Kunstmuseum Basel I Gegenwart is screening two films by the US artist Kara Walker on the occasion of her exhibition A Black Hole is Everything a Star Longs to Be at the Kunstmuseum Basel I Neubau. Walker is one of the most highly regarded artists in the United States. During the mid-1990s, she became well known for her wall-sized cut-paper silhouettes. The artist creates provocative works that grapple with history, race relations, gender roles, sexuality, and violence. She implacably confronts deep-rooted conflicts and enduring social inequalities.
The two films being shown have grown out of the artist’s research into the US National Archives Bureau of Refugees, Freedmen and Abandoned Lands. This archive is an important source of information on African American history in the Reconstruction era following the American Civil War. Founded in 1865, the Freedmen’s Bureau supported the social and legal integration of tens of thousands of former enslaved individuals into society. The war had led to the liberation of almost four million slaves as well as the destruction of cities, communities, and an economy dependent on cotton plantations in the southern US states. The Freedmen’s Bureau distributed groceries and clothing, as well as operating hospitals and temporary camps. It also helped reunite families, supported education, helped liberated individuals to legalize their marriages, provided them with work, monitored work contracts, represented them in legal situations, and settled liberated individuals on abandoned or seized land. The authority also documented incidents of violence and racial conflict.
Walker’s films recreate two of the incidents logged in the Freedmen’s Bureau records. Walker collaborated with the acclaimed musicians Jason and Alicia Moran on the soundtracks of both films. Alicia Hall Moran is a transdisciplinary mezzo-soprano who performs in opera, theater, and jazz, and is a frequent collaborator with artists. Jason Moran is a Grammy-nominated jazz pianist, composer and performer.
In Six Miles from Springfield on the Franklin Road (2009), Amanda Willis, a young Black girl, tells the story of how her family was attacked and robbed by a gang of white men who then kidnapped and raped her. Her father was shot dead and their home burned to the ground. The film is set in Springfield, a small town to the north of Nashville, Tennessee. The apparent peacefulness of an African American family transforms into a harrowing portrayal of death, rape, and arson.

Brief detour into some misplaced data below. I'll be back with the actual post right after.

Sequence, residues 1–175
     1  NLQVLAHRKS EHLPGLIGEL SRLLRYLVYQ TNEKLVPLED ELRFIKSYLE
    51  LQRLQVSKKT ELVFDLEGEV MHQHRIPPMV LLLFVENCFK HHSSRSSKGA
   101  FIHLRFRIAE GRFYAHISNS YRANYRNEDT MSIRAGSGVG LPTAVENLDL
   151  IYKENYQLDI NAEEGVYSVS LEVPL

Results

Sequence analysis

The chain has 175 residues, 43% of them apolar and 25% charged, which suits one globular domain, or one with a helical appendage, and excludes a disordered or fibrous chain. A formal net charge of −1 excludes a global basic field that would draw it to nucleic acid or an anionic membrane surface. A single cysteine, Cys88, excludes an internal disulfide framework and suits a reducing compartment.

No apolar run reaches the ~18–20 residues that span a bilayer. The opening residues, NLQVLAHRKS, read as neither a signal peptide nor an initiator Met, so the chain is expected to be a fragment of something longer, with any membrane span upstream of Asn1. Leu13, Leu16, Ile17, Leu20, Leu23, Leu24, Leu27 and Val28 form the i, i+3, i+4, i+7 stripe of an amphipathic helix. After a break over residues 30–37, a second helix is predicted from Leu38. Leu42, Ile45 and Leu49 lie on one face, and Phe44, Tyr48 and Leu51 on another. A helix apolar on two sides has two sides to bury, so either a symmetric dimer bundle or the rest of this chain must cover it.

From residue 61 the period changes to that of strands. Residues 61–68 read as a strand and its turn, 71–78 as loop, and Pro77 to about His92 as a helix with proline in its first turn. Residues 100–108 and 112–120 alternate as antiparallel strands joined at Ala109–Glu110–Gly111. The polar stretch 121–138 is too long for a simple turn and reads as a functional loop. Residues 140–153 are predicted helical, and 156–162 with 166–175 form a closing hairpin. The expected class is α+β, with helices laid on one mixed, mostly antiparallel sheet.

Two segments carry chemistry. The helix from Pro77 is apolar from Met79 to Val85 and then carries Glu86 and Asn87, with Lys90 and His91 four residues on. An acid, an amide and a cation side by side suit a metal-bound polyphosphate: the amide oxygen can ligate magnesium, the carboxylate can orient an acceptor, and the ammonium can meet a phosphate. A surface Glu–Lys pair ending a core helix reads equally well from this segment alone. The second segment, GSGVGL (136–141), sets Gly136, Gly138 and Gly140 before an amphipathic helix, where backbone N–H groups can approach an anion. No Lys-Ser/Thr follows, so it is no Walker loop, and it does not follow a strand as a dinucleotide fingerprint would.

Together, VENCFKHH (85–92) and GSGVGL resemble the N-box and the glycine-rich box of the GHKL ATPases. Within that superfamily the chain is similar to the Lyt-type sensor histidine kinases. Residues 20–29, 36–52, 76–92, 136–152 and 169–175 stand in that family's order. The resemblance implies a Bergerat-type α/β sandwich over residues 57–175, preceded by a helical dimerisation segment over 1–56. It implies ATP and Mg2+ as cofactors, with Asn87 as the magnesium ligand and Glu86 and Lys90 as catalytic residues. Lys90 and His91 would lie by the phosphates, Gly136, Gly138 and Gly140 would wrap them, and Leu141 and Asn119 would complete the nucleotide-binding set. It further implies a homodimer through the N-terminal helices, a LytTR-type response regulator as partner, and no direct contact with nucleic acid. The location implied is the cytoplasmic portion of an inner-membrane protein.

The story of Lucy of Pulaski (2009) is based on a report of a violent clash between African American and white individuals that took place in 1868 in Pulaski, Tennessee. The detailed report examines the events that led up to a mob of eighteen white people encircling and killing or injuring eight African American individuals in the city. The story centres around Lucy Reynolds, an African American woman who was allegedly involved with the white man Calvin Lamberth – to the annoyance of Calvin Carter, an African American man. Both men were tradespeople and the dispute over the woman’s behaviour was merely a justification for the outbreak of violence, as Walker demonstrates in the film. The Pulaski riot demonstrates the brutal measures to which white people went to preserve their dominance in the city of Pulaski, in which the Ku Klux Klan had been founded in 1865, three years prior to this event.
Report on the events depicted in Six Miles from Springfield on the Franklin Road: Link
Report on the events depicted in Lucy of Pulaski: Link
Both sourced from: National Archives Microfilm, State Record M999 Tennessee, Roll 34, Register of Outrages, Vol. 1